Emigration to New Zealand followed in the footsteps of the European explorers, such as Captain Cook (1769-70): first came sealers, whalers, missionaries, and traders. By 1838, the British New Zealand Company had begun buying land from the Maori tribes, and selling it to settlers, and, after the Treaty of Waitangi in 1840, many British families set out on the arduous six month journey from Britain to Aotearoa to start a new life. Early immigrants include:

Lynn Settlers in New Zealand in the 19th Century
  • Miss Martha Lynn, (b. 1844), aged 17, British farm servant travelling from London aboard the ship "Mystery" arriving in Lyttelton, Christchurch, South Island, New Zealand on 7th January 1862 [5]
  • William Lynn, who arrived in Auckland, New Zealand aboard the ship "Alfred" in 1864 [6]
  • Francis Lynn, aged 55, a labourer, who arrived in Wellington, New Zealand aboard the ship "Conflict" in 1874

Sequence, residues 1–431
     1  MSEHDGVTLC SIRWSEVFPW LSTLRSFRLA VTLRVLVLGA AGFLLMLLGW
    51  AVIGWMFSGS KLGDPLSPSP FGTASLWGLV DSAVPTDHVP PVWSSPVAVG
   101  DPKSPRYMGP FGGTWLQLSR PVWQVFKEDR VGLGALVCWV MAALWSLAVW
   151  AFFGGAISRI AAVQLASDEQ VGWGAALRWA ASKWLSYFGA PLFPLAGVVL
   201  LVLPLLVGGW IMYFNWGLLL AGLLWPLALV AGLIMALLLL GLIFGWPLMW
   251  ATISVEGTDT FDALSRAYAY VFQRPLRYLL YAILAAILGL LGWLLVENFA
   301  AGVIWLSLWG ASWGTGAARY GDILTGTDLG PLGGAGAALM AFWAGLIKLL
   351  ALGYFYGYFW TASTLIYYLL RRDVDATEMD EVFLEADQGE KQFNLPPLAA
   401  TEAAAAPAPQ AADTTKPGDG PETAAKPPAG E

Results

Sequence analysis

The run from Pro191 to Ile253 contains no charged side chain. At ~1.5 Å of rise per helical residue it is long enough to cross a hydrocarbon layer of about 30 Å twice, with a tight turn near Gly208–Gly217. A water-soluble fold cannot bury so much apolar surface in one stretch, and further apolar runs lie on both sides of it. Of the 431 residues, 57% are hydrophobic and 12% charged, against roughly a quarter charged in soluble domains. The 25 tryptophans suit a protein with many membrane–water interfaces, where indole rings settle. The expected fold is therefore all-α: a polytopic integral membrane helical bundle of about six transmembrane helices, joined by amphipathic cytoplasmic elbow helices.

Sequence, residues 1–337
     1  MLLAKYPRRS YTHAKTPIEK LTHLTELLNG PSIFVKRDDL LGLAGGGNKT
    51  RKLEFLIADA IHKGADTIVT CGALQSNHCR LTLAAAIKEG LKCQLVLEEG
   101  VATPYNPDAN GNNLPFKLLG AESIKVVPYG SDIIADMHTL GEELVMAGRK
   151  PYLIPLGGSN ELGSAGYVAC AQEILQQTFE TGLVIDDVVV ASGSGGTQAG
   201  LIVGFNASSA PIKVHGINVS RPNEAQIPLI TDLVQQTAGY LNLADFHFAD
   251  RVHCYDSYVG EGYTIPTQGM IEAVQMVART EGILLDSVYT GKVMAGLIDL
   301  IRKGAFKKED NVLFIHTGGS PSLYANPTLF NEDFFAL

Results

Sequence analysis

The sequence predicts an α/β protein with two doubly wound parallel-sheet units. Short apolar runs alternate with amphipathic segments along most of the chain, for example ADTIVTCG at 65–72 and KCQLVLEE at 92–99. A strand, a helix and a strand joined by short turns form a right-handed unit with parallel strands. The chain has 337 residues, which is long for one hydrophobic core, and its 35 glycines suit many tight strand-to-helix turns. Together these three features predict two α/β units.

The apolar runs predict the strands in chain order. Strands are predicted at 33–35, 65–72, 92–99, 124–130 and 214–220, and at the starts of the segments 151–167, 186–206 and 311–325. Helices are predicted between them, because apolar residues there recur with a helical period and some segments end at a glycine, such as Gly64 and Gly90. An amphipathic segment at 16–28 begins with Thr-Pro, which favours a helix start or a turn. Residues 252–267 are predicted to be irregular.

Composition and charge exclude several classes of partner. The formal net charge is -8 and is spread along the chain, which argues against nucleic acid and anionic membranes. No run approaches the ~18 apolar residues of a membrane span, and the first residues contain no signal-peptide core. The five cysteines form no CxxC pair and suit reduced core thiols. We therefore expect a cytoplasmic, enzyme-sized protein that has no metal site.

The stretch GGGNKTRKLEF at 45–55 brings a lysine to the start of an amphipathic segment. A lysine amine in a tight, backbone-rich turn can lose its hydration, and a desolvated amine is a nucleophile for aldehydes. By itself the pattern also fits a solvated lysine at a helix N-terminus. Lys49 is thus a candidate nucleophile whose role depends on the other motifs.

• Sarah G. Lynn, aged 16, a servant, who arrived in Wellington, New Zealand aboard the ship "Conflict" in 1874

Contemporary Notables of the name Lynn (post 1700)

  • Loretta Lynn (b. 1932), née Webb, an American country music singer-songwriter, recipient of the Presidential Medal of Freedom
  • Bruce Newton Lynn I (1925-2016), American businessman and politician, Louisiana State Representative from northern Caddo and Bossier parishes (1976-1988)
  • Jeffrey Lynn (1909-1995), born Ragnar Lind, an American actor
  • Cynthia Lynn (b. 1936), born Zinta Valda Zimilis, a Latvian-born, American actress, best known for her role as Fraulein Helga in Hogan's Heroes
  • Byrd "Birdie" Lynn (1889-1940), American Major League Baseball catcher who played from 1916 to 1920